Fine Gael have produced proposals for Dail Reform which include a commitment to forming a Citizens Assembly to “undertake a detailed review of a limited number of key issues over an extended time period”.
This is somewhat similar to the Constitutional Convention, but whereas the Constitutional Convention was composed both of citizens and Oireachtas members, the Citizens Assembly would be composed entirely of citizens.
The remit of the Assembly would be quite limited, in that they would only be able to consider proposals tabled by the Government, and recommendations would only be referred to Oireachtas committees. The types of issues it would consider would include Seanad Reform, Climate Change, the 8th Amendment (abortion), the power of Oireachtas committees and (for some unknown reason) how we deal with old people.
This is interesting on a number of levels.
It shows that there is some concern among the political parties about the gap that is continually widening between the professional political class and ordinary people. That’s welcome.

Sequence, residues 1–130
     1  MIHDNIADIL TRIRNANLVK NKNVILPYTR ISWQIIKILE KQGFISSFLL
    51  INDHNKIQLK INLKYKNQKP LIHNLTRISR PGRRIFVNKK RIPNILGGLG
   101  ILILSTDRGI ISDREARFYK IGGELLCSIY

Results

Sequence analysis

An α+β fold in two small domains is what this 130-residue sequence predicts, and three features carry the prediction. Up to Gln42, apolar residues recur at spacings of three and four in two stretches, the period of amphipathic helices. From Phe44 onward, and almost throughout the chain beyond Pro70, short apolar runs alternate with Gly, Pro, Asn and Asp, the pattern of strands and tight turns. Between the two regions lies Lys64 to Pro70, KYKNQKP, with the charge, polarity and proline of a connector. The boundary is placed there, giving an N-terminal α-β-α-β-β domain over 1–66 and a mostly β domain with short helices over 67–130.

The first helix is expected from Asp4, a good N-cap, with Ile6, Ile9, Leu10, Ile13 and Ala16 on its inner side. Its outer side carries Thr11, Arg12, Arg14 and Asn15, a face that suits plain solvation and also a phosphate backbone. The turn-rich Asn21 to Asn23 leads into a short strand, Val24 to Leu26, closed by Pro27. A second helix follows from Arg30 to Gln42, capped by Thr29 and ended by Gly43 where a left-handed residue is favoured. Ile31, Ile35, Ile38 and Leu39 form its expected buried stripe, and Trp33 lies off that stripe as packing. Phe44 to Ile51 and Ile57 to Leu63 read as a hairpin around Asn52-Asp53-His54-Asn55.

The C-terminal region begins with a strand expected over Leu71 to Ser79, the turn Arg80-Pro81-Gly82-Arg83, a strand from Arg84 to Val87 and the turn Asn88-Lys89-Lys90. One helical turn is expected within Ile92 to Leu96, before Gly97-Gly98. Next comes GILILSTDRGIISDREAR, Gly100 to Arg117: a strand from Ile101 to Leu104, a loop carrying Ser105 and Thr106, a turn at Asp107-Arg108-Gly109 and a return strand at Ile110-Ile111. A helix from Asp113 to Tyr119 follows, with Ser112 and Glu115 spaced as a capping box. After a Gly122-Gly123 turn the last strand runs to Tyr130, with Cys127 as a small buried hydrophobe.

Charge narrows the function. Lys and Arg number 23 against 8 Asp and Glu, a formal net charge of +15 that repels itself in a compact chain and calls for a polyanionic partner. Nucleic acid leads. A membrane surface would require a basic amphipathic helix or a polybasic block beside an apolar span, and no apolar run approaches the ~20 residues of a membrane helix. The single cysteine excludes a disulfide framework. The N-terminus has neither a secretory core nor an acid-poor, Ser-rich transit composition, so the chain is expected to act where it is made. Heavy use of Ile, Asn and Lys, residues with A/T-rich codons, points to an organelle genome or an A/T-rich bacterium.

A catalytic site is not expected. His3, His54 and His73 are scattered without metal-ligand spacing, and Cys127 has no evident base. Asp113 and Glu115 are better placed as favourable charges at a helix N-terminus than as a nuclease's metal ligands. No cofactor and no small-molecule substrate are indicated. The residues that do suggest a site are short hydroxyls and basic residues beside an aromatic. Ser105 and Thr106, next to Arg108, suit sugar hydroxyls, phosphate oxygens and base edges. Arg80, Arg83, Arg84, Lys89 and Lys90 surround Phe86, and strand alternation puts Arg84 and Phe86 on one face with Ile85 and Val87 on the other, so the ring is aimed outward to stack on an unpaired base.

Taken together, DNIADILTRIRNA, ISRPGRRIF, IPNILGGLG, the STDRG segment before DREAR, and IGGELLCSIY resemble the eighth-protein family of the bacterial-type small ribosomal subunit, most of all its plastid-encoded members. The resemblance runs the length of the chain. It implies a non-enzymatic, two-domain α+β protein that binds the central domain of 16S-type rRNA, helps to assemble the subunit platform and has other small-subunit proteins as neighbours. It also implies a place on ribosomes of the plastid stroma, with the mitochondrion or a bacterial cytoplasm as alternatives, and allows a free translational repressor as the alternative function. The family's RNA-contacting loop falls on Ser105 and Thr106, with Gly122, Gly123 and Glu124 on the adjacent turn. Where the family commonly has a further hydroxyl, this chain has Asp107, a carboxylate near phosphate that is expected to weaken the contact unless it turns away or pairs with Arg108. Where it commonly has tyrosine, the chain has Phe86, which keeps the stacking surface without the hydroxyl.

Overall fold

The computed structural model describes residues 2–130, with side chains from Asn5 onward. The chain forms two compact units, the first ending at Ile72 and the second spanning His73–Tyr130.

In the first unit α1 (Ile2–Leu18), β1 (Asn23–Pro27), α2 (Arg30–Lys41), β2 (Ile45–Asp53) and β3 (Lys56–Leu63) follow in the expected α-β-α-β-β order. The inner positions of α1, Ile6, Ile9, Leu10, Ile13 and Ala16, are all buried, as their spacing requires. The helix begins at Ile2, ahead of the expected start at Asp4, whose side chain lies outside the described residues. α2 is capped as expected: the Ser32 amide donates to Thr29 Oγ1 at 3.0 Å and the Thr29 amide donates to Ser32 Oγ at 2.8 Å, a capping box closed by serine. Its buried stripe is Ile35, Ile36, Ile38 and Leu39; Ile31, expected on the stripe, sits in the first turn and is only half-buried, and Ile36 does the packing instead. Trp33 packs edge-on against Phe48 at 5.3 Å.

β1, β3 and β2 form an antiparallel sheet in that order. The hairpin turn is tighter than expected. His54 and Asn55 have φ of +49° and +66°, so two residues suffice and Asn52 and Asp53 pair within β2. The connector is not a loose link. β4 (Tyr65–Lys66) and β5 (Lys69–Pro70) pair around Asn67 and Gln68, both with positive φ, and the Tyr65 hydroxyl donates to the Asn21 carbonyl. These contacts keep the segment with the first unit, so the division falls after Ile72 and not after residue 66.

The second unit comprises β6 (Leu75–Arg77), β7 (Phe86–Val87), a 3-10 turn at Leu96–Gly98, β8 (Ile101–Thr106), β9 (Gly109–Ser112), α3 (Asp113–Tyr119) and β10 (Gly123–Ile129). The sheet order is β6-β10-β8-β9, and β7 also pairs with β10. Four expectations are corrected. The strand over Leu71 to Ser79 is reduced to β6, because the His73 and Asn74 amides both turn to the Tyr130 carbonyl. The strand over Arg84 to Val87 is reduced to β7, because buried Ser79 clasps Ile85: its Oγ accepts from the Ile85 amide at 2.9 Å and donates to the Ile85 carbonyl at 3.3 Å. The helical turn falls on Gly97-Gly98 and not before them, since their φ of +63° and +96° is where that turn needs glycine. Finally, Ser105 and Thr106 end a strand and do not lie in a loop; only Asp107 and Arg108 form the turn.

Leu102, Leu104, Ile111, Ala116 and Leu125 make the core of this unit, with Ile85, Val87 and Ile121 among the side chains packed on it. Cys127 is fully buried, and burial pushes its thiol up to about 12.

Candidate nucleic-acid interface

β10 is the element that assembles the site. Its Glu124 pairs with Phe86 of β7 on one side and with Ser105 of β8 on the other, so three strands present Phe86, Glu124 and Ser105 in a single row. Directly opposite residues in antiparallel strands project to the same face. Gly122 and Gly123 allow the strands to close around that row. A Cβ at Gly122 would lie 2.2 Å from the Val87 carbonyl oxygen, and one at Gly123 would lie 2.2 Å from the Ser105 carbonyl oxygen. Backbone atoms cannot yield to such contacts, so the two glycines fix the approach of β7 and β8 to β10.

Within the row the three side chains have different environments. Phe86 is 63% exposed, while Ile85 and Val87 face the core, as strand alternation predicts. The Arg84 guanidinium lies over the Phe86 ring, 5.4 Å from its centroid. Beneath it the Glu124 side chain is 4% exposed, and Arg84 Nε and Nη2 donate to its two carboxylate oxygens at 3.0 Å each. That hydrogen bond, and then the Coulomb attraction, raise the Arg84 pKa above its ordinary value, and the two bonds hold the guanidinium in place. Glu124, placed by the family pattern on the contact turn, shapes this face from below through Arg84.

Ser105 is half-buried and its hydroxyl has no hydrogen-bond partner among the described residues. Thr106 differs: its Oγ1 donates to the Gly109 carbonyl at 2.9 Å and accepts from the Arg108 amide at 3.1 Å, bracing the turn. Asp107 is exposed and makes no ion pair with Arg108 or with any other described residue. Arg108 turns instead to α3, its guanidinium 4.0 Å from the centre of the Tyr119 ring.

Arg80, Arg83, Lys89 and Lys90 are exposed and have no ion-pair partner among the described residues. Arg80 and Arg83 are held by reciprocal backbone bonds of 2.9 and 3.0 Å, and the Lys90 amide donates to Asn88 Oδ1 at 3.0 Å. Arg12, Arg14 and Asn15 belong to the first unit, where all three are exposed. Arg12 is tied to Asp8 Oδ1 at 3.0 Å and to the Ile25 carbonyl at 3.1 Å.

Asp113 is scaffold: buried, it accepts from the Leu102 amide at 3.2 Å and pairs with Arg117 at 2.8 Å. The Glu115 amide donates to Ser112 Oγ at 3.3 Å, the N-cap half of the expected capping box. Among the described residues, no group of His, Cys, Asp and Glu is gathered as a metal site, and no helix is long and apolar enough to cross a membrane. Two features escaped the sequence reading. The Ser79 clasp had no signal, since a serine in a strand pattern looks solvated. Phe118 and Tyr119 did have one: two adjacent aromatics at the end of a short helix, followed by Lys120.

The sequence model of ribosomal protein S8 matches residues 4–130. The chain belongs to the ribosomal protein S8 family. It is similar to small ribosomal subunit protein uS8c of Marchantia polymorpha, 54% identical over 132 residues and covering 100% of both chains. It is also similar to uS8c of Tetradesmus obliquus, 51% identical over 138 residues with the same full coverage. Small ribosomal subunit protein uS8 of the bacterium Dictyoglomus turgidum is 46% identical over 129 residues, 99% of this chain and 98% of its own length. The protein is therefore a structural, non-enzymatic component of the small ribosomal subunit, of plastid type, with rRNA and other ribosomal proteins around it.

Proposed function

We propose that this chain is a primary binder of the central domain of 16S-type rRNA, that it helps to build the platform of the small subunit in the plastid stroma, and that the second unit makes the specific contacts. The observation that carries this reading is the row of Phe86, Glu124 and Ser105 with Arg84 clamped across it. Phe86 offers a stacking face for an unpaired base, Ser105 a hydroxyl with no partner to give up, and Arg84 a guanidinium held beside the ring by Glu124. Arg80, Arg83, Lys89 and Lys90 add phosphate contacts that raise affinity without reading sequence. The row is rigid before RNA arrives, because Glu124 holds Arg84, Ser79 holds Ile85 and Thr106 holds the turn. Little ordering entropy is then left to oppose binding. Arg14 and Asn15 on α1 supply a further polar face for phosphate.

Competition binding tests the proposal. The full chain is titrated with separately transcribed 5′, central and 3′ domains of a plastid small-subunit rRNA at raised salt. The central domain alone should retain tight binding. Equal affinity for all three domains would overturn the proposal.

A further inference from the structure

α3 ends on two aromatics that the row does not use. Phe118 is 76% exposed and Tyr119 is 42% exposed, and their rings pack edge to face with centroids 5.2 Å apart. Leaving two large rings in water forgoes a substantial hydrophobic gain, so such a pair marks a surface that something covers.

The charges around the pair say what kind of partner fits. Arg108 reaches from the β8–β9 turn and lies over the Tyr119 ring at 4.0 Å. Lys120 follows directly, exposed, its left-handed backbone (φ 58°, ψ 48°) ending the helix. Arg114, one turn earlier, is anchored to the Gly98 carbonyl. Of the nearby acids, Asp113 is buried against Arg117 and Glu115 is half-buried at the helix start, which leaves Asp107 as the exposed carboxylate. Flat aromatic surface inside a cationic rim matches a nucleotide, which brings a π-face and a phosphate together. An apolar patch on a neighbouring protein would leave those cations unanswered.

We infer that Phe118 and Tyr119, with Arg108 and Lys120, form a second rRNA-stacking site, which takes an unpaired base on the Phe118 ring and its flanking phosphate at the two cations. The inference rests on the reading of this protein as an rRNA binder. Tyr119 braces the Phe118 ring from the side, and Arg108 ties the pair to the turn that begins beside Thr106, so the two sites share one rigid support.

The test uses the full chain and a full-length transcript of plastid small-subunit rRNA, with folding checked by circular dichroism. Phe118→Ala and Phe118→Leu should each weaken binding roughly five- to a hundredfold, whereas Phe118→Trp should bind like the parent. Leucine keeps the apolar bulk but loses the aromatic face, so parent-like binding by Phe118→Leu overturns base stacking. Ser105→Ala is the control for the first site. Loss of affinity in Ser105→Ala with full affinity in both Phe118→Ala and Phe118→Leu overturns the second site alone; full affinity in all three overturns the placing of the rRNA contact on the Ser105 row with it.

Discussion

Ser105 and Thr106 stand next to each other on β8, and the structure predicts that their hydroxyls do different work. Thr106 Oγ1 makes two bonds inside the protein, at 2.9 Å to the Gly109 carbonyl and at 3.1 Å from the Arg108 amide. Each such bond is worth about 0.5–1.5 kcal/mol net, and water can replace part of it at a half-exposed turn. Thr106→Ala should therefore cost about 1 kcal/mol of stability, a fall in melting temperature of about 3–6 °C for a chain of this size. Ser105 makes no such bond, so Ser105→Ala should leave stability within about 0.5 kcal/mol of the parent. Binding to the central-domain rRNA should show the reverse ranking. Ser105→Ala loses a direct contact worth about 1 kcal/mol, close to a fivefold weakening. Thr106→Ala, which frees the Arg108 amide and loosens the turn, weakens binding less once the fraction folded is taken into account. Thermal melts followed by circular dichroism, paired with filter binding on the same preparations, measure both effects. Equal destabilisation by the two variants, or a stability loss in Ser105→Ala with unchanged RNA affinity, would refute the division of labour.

On the other hand, its further evidence of how deeply flawed Government by elections is becoming. Issues like Climate Change and abortion have been around for decades. Everybody knows what needs to be done. The problem is that no politician who depends on being re-elected wants to deal with these issues, as they know that dealing with them in any meaningful risks alienating vast swathes of the electorate.
The question therefore arises that if elected politicians need ordinary citizens selected at random to provide cover for their decisions, why not just let the ordinary citizens selected at random make the decisions in the first place?
You can view the proposals in full here.